COLUMN

The sacking of a genuine star

Allan Fotheringham June 17 1985
COLUMN

The sacking of a genuine star

Allan Fotheringham June 17 1985

The sacking of a genuine star

Allan Fotheringham

COLUMN

One of the surprising things a Canadian who spends a lot of time in the United States finds is that there is a lot less TV available. Canadians, thanks to cable, get all the U.S. channels that Americans do. In addition they have the best of the CBC and whatever CTV offers. Canadians actually have more choice on the tube, and the overall selection is more varied and better. Radio, of course, is no contest. Any Canadian travelling in the United States by car and twiddling the knob in vain in search of something intelligent is in for a long journey. The mindless pap that passes for commercial radio in the centre of the free world quickly turns the mind into mush. What little “public” radio (i.e. noncommercial) is available is badly underfunded and amateurish. Once in America, one longs for the Holy Mother Corp., the Canadian Broadcorping Castration, the dear old CBC, bless its fumbling, wasteful heart.

Such a thing as Peter Gzowski’s witty, sensitive Morningside, spanning the whole country for three hours each weekday morning, would astound and mesmerize Americans. One of the first things a Canadian in Washington is told—as if passing on some secret code or a cache of marijuana—is that Elizabeth Gray and As It Happens can be found on the Washington public broadcasting dial at 11:00 at night. It is our furtive little hoard. People excuse themselves from parties on the old babysitting excuse and nip home so they can listen to the unmistakable throaty chortle of Elizabeth and find out what’s going on—not in Canada, but around the world. It has been available in Washington for just 20 months and already has 14,000 listeners.

And so what have the silly twits at the CBC done? They’ve sacked Elizabeth Gray, quite about the most stupid decision in years in an organization that has quite a record in stupidities. The excuse is that they want more of a “star” in her slot. Who? Lome Greene? Frank Mahovlich? Joan Rivers? It had always

Allan Fotheringham is a columnist for Southam News.

been the impression here that Gray, along with Gzowski, were about the only stars CBC radio had. Her abrupt dismissal after four distinguished and hardworking years on the job makes you wonder if the CBC budget cuts did not also include a few cuts in the intelligence of those responsible for the decision. And I say this as someone who is a sometime employee of the place, in the pretty-face division. The CBC can be brilliant in its hiring (me) and stupendously stupid in its firing (Gray).

Barbara Frum made As It Happens famous, ranging the world for insightful

and tough interviews by phone, abiding no fool, accepting no bafflegab from some faraway tinpot tycoon. Elizabeth Gray has continued the tradition, a superb journalist who was made for radio and practically invented talk radio for the CBC when she was with its Ottawa outlet. When she first took the As It Happens job, she had to shuttle between Toronto and her husband and family in Ottawa, sacrificing a vital portion of her life for the Corp. In return, she gets a swift, impersonal notice that she won’t be around next season. Andrew Simon, the head of radio current affairs, argues that she wasn’t fired, it’s simply a case of “nonrenewal of contract”—the bureaucratic euphemism for what most people dealing with the English language would call the sack. He says he and his colleagues have been “noodling about for several months” and hints that they want someone more given to dashing about and dazzling at public appearances. We had always operated under the old-fashioned theory that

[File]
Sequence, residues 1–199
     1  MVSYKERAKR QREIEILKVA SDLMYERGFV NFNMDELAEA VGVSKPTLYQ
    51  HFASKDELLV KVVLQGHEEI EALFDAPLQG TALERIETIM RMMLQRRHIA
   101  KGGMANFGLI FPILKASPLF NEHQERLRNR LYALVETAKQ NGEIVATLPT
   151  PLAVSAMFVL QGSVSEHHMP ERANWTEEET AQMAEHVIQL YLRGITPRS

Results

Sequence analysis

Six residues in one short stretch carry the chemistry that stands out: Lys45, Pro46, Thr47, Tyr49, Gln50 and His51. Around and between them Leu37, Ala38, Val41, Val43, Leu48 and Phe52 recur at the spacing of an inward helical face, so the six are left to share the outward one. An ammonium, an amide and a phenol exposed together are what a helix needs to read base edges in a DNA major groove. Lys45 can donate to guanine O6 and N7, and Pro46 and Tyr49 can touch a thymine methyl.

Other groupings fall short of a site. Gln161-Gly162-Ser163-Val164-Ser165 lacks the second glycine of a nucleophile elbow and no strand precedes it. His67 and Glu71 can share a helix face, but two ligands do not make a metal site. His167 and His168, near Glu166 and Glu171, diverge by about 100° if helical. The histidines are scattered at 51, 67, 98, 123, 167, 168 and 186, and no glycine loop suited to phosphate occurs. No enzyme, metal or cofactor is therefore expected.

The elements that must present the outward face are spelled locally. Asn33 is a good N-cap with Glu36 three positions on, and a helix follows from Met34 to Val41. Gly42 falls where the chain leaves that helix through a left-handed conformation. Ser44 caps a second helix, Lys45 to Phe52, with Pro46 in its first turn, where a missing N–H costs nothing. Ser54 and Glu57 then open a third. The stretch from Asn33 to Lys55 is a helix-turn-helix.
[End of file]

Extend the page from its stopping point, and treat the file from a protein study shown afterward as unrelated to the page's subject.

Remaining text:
what the lady poured into the microphone was what counted. Apparently not. What is needed is a Madonna of the wireless, capable of glitz at the supermarket openings. It’s a unique concept, that radio personalities somehow must suddenly have to be teeth-and-hair clones of their TV cousins. Rawhide, one of the greatest CBC radio heroes ever, was beloved exactly because no one knew who he really was or what Max Ferguson looked like. Gzowski, in person, looks like an unmade bed and almost all his adoring female fans would recoil at the sight of him. It’s his voice that seduces them. As with Gray. The thought that she has to wear designer clothes to save her job, and sparkle at cocktail parties is not only absurd, it’s dumb. Spelled stupid.

It’s such a waste of talent, especially when seen from afar. As mentioned, the United States with all its riches, has a broadcasting system that is appalling to someone raised on the CBC. In the area of the pencil press, the U.S. has some superb newspapers, ranking with the finest anywhere. But once you get to radio, no self-respecting chap would be found dead in the system. Elizabeth Gray is a disputatious and vigorous lady in private (and presumably in story conferences) whose dress is as casual as her journalism is professional. One would never mistake her for a Tory. One wonders, in fact, if some nervous vice-presidents at the CBC are not looking over their shoulders at some of the mouth-breathers and wall-climbers in the new Conservative caucus who always viewed the CBC as a hive of pinkos and weirdos. There has long been a feeling among some Tories, mouldering in opposition all those long years BM (Before Mila), that the CBC somehow was in cahoots with the hated Grits, aiding their survival and supporting the reign of the Trudeaucrats. Now that they are in the throne room, the right wingers among Mr. Mellowrooney’s flock want to get some revenge on those perceived as their tormentors. Is the CBC trying to anticipate the purge by throwing out its own sacrificial victims? Giving the Tories a head or two on a platter as a means of assuaging the mob-think?